Implementation of the process begins with the selection of a task force that includes academic anesthesiologists and those from private practice, generalists, relevant subspecialists, pediatric and adult anesthesiologists, and occasionally specialists outside of anesthesiology. At least one member of the Committee on Standards and Practice Parameters serves on each task force to ensure adherence to the same rigorous process during the development of each evidence-based guideline and advisory. The resource commitment required for such an effort is not insignificant. Individual task force members, who volunteer their services, devote hundreds of hours of their time to develop each practice parameter. In addition, the committee retains two Ph.D. methodologists who are recognized experts in scientific methodology and biostatistics, to ensure that the process meets the exacting requirements of the scientific methodology outlined above.
The task force begins the process of developing an evidence-based guideline or advisory by defining the goals and objectives within the mandate established by the committee. Once these are established, interventions are identified that potentially impact patient care. A list of interventions and expected outcomes is created, and this intervention–outcome list, referred to as evidence linkages, is the critical foundation on which all evidence is collected and provides the basis for the eventual structuring of recommendations.
Many forms of evidence are considered in the development of a practice parameter; however, when available, construction of a recommendation depends on clear, unequivocal findings obtained from randomized controlled trials published in peer-reviewed journals. When this type of literature-based evidence is not available, the attention of the task force turns to other types of evidence, usually culminating in the creation of a practice advisory. The development of a practice advisory follows the same process used in the development of a practice guideline. In the absence of evidence from randomized controlled trials, however, the scientific literature is not sufficient to support a recommendation to the same degree as in a guideline. The advisory was instituted by the committee and authorized by the ASA in 1998.
What Are Future Plans for ASA Practice Parameters?
As long as ASA members find them beneficial, the production and updating of practice parameters will continue. Two years ago, the Multicenter Perioperative Outcomes Group was formed to promote multi-institutional collaboration on outcomes research to advance knowledge and improve patient care in perioperative medicine, largely through data sharing. In addition, the Anesthesia Quality Institute has embarked on a national anesthesia registry intended to expand ASA’s focus on patient safety by fostering advances in quality care measurements that lead to improvements in anesthesia care. Information from these sources can contribute to an even broader understanding of patient safety and anesthesia care. The creation of these and other sources of anesthesia-related outcomes data offer new and extensive sources of observational evidence for use in the future development and continued growth of ASA practice parameters.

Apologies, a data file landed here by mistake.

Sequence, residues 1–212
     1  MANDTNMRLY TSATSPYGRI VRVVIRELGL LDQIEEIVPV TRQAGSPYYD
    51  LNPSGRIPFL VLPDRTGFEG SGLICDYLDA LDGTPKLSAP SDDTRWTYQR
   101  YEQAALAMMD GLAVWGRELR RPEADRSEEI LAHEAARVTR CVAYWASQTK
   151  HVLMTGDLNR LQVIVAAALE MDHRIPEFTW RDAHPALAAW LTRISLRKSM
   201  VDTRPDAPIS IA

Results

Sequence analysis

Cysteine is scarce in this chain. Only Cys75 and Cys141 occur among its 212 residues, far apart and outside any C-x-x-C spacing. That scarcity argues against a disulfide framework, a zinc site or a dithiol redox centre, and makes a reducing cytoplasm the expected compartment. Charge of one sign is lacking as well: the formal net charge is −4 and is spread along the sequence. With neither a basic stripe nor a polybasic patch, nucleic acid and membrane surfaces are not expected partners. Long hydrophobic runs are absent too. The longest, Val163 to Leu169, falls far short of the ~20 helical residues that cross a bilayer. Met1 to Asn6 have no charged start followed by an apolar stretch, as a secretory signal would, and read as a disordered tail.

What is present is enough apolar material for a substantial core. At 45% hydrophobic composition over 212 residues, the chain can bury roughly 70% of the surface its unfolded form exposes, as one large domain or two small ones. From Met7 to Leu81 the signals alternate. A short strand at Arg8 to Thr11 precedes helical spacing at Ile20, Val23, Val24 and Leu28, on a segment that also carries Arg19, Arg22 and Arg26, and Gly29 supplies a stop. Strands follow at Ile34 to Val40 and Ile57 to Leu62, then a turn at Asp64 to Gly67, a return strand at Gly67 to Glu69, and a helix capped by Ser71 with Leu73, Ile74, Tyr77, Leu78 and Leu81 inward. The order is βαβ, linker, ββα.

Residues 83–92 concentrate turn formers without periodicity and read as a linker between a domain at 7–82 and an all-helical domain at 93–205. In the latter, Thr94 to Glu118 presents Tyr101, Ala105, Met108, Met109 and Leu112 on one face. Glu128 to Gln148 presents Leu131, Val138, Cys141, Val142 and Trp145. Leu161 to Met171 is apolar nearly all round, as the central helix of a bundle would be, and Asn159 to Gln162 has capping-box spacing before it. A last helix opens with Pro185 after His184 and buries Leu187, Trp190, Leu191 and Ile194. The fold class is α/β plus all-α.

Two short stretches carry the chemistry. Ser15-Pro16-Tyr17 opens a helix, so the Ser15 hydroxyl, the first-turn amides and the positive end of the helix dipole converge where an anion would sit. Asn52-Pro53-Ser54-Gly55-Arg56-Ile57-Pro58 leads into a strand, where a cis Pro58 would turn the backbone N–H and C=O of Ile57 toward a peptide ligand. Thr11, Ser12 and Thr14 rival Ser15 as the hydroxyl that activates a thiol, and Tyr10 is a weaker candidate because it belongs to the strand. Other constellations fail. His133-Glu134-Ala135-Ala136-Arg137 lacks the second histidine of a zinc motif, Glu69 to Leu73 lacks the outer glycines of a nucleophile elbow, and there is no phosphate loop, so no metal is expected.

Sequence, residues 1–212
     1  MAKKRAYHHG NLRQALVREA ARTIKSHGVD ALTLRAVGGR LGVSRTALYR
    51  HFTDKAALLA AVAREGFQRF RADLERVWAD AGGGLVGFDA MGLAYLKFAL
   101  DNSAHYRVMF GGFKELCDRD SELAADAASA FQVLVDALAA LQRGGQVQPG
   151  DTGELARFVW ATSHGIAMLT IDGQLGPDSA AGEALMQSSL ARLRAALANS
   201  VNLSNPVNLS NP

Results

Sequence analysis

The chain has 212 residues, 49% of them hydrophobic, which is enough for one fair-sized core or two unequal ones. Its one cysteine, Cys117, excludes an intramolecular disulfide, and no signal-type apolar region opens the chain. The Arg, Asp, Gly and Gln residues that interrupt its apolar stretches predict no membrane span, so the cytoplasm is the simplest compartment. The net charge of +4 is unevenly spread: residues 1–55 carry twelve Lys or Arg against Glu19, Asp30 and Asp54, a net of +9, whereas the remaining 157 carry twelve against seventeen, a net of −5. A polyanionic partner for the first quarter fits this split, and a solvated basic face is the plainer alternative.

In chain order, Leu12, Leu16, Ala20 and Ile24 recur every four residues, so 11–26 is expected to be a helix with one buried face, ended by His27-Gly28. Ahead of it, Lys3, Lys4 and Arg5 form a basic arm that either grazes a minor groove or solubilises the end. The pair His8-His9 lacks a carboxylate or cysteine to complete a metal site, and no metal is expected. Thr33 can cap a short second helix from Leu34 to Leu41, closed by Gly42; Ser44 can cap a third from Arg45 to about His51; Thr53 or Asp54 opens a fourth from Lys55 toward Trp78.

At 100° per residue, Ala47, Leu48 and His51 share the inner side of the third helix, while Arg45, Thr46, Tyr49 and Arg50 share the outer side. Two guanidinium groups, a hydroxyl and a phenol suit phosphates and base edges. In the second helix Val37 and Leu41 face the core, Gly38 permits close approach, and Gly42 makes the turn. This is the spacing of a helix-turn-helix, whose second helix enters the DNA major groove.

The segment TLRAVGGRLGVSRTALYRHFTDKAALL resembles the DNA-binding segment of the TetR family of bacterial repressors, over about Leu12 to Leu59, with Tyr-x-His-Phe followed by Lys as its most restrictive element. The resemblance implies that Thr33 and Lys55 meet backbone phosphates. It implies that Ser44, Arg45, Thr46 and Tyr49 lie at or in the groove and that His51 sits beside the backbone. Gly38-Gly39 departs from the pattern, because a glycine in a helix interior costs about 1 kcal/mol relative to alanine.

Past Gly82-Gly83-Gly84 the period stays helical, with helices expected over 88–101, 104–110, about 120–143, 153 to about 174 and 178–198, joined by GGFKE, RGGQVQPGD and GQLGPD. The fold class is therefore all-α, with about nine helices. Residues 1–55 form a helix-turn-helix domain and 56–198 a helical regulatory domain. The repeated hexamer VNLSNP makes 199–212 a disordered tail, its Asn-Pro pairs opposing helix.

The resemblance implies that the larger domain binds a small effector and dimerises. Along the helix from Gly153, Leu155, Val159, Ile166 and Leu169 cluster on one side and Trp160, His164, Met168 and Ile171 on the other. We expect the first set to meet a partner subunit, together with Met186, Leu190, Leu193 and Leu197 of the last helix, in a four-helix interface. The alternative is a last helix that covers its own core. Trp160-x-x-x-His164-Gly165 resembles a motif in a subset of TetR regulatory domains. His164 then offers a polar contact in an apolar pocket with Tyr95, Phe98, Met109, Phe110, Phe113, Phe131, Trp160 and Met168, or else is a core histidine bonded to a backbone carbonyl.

Jeffrey L. Apfelbaum, M.D.,
Richard T. Connis, Ph.D.,
David G. Nickinovich, Ph.D.
† *Department of Anesthesia and Critical Care, the University of Chicago, Chicago, Illinois and, Committee on Standards and Practice Parameters, Park Ridge, Illinois. email@example.com. †Committee on Standards and Practice Parameters, Park Ridge, Illinois.
1. Committee on Quality of Health Care in America, Institute of Medicine. “Front Matter.” To Err Is Human: Building a Safer Health System. 2000 Washington, DC The National Academies Press
2. Caplan RA, Benumof JL, Berry FA, Blitt CD, Bode RH, Cheney FW, Connis RT, Guidry OF, Nickinovich DG, Ovassapian A. Practice guidelines for management of the difficult airway: An updated report. ANESTHESIOLOGY. 2003;98:1269–77
3. Gross JB, Bailey PL, Connis RT, Cote CJ, Davis FG, Epstein BS, Gilbertson L, Nickinovich DG, Zerwas JM, Zuccaro G Jr. Practice guidelines for sedation and analgesia by non- anesthesiologists: An updated report. ANESTHESIOLOGY. 2002;96:1004–17
4. Caplan RA, Apfelbaum JL, Blitt CD, Connis RT, Hagberg CA, Nickinovich DG. Practice guidelines for management of the difficult air way: An updated report. ANESTHESIOLOGY. 2013;118:251–70
© 2013 American Society of Anesthesiologists, Inc.